Additional Measures of Blessing
It must be emphasized that the number of children is not the only measure of blessing, success, and happiness. Some of the greatest Torah scholars did not merit having children – and their contribution to the Jewish people in Torah, good deeds, or public leadership was enormous. Regarding such people, Hashem said: “I will give them—in my house, within my walls—a name far greater than the honor they would receive from having sons and daughters. For the name that I will give them is an everlasting one; it will never disappear” (Isaiah 56: 5). All the more so regarding those meriting to have children, but not as many.
How to Count People
There is also a difficult problem in counting people since by referring to a person as a number it diminishes him; it ignores his uniqueness, his absolute value, and the image of God within him. We also learned in the Torah that the counting of people is liable to cause a plague, as it is stated: “When you take a census of the Israelites to determine their numbers, each one shall be counted by giving an atonement offering for his life. In this manner, they will not be stricken by the plague when they are counted” (Exodus 30:12). We have also found that in the days of King David as a result of an improper counting, a judgment was decreed against Israel and approximately seventy thousand people died in a plague (II Samuel, Chap. 24).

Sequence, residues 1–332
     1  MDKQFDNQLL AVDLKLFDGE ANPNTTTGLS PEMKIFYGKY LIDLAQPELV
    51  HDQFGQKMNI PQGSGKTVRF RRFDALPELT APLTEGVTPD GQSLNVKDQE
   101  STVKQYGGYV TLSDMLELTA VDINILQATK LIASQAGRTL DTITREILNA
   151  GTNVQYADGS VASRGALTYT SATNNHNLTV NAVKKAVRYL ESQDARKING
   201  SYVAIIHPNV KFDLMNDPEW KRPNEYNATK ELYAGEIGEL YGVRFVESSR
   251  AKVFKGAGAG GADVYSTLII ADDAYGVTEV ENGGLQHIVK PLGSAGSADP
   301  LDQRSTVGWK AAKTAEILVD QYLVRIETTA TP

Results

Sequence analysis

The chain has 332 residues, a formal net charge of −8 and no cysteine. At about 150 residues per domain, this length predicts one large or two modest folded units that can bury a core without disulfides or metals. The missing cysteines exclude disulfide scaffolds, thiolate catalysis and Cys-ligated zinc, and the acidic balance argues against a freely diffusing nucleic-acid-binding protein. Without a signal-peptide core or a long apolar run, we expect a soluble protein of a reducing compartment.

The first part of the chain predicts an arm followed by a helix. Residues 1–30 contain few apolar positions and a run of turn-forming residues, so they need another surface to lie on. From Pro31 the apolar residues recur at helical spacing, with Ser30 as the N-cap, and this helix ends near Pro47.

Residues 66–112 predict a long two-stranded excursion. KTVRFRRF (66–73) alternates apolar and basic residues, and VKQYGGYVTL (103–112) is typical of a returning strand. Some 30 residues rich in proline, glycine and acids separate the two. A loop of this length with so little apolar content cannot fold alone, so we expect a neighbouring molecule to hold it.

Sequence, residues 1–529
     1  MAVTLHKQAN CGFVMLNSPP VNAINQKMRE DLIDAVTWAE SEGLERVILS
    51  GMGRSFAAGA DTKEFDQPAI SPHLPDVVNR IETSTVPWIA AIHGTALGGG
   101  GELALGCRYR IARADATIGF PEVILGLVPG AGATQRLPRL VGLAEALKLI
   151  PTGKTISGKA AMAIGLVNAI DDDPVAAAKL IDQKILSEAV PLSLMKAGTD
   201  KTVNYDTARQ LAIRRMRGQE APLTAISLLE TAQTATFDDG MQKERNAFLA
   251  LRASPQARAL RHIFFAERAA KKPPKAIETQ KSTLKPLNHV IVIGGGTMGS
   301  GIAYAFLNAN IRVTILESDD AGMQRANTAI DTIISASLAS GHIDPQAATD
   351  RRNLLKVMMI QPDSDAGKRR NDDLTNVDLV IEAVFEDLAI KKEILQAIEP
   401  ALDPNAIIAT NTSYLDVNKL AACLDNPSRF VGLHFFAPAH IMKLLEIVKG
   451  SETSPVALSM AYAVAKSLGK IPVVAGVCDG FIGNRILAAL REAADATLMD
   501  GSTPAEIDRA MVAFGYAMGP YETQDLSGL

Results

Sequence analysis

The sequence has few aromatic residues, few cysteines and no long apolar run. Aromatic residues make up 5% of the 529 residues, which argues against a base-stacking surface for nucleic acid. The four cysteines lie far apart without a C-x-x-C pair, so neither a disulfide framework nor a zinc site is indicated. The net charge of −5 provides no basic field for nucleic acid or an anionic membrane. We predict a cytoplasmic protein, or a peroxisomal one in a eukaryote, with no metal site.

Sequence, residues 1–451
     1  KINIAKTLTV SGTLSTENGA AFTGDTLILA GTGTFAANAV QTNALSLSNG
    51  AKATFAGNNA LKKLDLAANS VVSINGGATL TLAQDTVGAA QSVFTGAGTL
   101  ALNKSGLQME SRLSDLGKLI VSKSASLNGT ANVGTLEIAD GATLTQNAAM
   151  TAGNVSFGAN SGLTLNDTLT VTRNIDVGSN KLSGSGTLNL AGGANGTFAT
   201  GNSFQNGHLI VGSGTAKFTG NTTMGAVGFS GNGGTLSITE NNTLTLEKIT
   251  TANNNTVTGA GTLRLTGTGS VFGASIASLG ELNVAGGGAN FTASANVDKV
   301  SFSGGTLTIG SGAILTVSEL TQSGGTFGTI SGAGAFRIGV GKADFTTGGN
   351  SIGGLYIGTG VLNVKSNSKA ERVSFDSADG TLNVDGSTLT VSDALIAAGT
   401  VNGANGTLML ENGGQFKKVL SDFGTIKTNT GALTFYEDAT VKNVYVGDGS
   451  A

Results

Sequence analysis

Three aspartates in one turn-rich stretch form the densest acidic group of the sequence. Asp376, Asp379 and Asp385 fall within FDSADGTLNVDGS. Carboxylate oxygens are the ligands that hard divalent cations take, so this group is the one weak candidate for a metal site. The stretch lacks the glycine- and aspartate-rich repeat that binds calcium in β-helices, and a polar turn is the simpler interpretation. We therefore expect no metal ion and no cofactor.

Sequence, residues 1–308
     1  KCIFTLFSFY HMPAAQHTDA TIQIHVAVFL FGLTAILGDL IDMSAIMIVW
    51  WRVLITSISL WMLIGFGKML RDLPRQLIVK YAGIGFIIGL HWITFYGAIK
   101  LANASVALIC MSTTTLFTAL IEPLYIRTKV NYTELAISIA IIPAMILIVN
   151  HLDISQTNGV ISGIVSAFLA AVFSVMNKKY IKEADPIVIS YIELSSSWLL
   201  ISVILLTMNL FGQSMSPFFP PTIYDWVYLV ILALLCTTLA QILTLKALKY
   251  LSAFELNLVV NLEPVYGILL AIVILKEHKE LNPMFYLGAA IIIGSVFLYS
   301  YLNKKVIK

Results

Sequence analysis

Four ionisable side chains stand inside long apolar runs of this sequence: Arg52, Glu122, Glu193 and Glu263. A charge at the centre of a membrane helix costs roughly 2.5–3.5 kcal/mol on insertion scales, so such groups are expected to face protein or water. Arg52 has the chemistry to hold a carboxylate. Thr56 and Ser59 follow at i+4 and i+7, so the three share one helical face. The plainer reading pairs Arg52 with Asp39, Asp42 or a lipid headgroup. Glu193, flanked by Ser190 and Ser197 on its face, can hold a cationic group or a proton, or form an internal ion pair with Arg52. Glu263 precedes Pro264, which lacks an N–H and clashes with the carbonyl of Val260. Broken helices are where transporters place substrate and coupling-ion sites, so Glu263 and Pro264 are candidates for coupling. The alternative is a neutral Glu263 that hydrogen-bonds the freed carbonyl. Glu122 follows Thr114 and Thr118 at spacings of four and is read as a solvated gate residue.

Rather, the Torah commanded that when the Israelites were to be counted, each one would give half a shekel as an offering to Hashem, the coins would be counted, and thus, they would know how many people there were. In this way people themselves are not counted, because they have no number; rather, their subsequent actions are counted, which is permissible. Even the counting itself must be performed in holiness and for Heaven’s sake, as an offering to the Mikdash (Holy Temple), and to fulfill the commandment of Israel’s wars in the number of soldiers fit to go out to the army in the Chumash Bamidbar.
When Israelites are counted in this way, namely, their sacred appearance and not themselves, the count elevates them, and “raises their heads”, as stated in our Torah portion: “Take the sum (literally, ‘raise the heads’) of all the congregation of the children of Israel, by families following their fathers’ houses” (Numbers 1: 2), and also in the following Torah portion regarding the sons of Levi it is said: “Make a count (lit., ‘raise the heads’) of… the children of Levi by their families, according to their fathers’ houses. From the age of thirty until the age of fifty, all who enter the service, to do work in the Tent of Meeting” (Numbers 4: 2-3).
A Letter from the Government to Women with Several Children
In conclusion, it is interesting to mention the 100 Lira grant awarded by the Israeli government during the early years of the State of Israel to every mother who merited giving birth to ten children. One hundred Lira in those days was worth a few months’ salary.
The letter attached to the grant read: “In honor of Mrs. __ the Government of Israel hereby sends you a check for 100 Lira – in recognition and encouragement of a Jewish mother who gave birth and raised ten children. May you merit raising them to Torah, work, and good deeds, for the homeland and the nation, and may your hands be strengthened. D. Ben-Gurion.” I received a copy of the letter from a man whose late grandmother was honored to receive the grant.
This article appears in the ‘Besheva’ newspaper and was translated from Hebrew.